The committee was founded in the wake of 5th District Supervisor Bruce McPherson’s springtime town plan meetings in Felton, Ben Lomond, and Boulder Creek in which all three towns expressed concern about safety and infrastructure on Highway 9 among their chief concerns.
McPherson’s office has since spearheaded efforts to bring community members to the table with representatives from such organizations as the Santa Cruz County Regional Transportation Commission, Caltrans, and the Santa Cruz Metropolitan Transit District.
“The whole thing has been centered on safety,” McPherson said. “I think this is going to be a great example of how governments can coordinate their efforts.”
On Friday, Sept. 20, nearly two dozen committee members boarded a chartered Metro bus and, according to McPherson, “drove up and down Highway 9” identifying trouble spots, and other places in need of improvement.
“It was nice opportunity,” said John Olejnik, associate transportation planner with Caltrans’ District 5. “I was really impressed at how organized the groups were.”
Olejnik said that meeting directly with the communities and other organizations was beneficial because it allowed for everyone to be on the same page and coordinate and collaborate on projects — both easily accomplished “low-hanging fruit” like landscaping, tree removal, and lighting, along with longer-term proposals that require planning and funding.
“I’m just making sure the right people are talking,” he said.
One of the foremost projects that the committee is tackling is improving safety and traffic flow in the vicinity of the bus stops on the San Lorenzo Valley High School campus.
Santa Cruz Metro General Manager Les White said that the plans for the campus-area bus stops include improvements to handicapped accessibility, the installation of a bus pass vending machine, new bus shelters, and the relocation of the bus stop on the northbound side of Highway 9 to allow buses to pull completely off the road to pick up passengers.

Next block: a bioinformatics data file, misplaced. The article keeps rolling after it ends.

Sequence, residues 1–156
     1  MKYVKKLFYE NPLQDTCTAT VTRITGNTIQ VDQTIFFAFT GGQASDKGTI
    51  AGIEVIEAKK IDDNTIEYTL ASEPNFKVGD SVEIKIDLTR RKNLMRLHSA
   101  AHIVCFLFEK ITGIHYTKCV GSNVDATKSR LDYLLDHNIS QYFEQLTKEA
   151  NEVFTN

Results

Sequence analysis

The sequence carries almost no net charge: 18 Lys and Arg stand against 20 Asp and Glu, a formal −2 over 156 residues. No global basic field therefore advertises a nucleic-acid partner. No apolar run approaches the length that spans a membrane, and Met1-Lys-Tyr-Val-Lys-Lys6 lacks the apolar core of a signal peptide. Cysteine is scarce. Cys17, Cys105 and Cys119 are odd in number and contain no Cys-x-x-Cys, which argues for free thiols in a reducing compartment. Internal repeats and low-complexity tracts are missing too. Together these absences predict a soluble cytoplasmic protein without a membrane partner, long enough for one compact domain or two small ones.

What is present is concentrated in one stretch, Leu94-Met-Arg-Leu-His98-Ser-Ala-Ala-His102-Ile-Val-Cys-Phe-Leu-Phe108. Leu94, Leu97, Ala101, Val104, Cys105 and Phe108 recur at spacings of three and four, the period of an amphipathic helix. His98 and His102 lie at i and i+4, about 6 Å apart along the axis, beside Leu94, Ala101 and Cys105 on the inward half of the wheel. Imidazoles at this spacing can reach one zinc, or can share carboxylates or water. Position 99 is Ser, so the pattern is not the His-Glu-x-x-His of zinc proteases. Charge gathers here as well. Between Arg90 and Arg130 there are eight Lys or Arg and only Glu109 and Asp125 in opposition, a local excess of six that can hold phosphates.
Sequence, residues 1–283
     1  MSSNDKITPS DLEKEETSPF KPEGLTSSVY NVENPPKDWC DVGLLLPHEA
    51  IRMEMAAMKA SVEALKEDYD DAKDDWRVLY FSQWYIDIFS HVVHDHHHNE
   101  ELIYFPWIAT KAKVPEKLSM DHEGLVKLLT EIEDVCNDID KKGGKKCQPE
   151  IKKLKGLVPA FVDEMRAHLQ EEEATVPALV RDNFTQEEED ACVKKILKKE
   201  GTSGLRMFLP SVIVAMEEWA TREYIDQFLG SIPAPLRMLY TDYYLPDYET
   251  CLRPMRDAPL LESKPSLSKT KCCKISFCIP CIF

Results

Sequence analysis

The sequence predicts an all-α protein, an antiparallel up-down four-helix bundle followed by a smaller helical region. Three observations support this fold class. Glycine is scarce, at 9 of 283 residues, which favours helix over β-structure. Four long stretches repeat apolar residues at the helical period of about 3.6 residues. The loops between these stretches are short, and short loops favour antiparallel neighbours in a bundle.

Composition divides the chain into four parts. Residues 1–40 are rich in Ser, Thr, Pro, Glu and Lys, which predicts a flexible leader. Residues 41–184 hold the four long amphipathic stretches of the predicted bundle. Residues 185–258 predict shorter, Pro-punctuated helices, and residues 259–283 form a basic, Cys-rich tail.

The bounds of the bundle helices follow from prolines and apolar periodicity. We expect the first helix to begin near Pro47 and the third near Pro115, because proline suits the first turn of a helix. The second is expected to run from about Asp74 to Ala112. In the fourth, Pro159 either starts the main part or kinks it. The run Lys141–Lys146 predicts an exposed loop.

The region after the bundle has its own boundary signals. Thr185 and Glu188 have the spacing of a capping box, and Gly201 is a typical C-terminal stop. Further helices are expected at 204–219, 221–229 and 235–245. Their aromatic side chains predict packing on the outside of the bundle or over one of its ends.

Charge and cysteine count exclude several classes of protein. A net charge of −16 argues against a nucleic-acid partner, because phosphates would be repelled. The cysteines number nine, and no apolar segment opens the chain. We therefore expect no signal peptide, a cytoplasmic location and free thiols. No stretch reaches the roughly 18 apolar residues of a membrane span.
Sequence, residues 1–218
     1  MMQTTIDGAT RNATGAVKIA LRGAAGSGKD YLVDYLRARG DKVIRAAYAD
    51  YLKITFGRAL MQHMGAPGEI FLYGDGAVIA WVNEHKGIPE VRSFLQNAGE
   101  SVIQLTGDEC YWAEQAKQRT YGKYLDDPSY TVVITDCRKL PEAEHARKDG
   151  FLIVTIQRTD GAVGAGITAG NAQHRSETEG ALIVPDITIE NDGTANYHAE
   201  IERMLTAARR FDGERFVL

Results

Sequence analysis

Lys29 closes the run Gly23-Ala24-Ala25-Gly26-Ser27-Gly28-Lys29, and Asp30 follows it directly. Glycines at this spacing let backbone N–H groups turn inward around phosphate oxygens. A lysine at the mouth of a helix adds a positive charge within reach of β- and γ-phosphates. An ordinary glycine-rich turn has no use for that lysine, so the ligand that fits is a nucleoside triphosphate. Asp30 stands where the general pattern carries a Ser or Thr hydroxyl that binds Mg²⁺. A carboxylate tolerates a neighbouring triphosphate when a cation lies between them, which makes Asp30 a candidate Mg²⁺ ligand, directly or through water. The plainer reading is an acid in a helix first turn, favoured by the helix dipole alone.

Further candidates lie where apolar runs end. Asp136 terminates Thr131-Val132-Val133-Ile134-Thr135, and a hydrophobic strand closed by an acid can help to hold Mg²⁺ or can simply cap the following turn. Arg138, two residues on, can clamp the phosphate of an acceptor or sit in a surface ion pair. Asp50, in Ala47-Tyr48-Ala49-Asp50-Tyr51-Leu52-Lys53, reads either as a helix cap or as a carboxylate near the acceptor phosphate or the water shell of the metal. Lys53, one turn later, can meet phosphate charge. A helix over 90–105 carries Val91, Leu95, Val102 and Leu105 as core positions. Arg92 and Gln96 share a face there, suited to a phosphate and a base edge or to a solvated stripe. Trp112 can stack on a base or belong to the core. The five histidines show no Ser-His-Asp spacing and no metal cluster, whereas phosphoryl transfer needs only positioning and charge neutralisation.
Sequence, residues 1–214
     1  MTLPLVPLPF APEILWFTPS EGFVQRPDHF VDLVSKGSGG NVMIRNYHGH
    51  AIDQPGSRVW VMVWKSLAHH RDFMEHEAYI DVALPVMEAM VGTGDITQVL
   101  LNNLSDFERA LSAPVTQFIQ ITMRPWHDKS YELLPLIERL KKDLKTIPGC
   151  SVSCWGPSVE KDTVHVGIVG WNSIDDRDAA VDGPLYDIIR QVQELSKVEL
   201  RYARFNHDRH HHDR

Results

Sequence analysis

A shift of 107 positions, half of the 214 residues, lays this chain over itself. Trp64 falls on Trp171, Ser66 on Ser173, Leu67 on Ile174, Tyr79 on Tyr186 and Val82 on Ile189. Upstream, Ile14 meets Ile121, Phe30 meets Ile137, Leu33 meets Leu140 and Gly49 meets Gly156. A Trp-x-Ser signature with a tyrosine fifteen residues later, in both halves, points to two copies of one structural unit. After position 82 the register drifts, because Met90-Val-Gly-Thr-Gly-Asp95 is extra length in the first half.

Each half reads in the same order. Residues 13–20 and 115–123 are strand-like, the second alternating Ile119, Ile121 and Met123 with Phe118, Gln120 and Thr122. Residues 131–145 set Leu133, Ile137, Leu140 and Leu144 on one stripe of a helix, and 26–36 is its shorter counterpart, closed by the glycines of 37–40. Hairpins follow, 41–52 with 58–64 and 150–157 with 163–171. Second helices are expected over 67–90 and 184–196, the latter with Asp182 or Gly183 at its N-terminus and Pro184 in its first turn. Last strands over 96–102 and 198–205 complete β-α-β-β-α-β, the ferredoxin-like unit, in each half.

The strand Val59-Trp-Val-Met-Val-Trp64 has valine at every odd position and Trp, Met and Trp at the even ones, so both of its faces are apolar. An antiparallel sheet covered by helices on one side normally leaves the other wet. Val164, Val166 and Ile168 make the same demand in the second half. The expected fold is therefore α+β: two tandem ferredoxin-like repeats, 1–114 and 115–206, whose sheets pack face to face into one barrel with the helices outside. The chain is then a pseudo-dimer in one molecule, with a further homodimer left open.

“Our staff is working with (McPherson’s) staff and the schools,” White said. “All of us have a common interest and that’s to improve the safety and efficiency of the Highway 9 corridor.”
He said that the vending machines and the Americans with Disabilities Act compliance improvements are already funded, and the prepaid bus passes distributed will allow buses to board quicker at all stops and ease traffic impacts.
“It cuts down on the time getting on board immensely,” he said. “We’ve been searching for a place to put (the machines) in the San Lorenzo Valley.”
McPherson said that some improvements, such as diagonal parking in the towns, would be more difficult to implement than others, but was optimistic that having so many different voices to weigh in would allow for smooth coordination and would increase the likelihood of projects being completed.
“There’s been some great input,” he said. “We just have to live within what the law is.”
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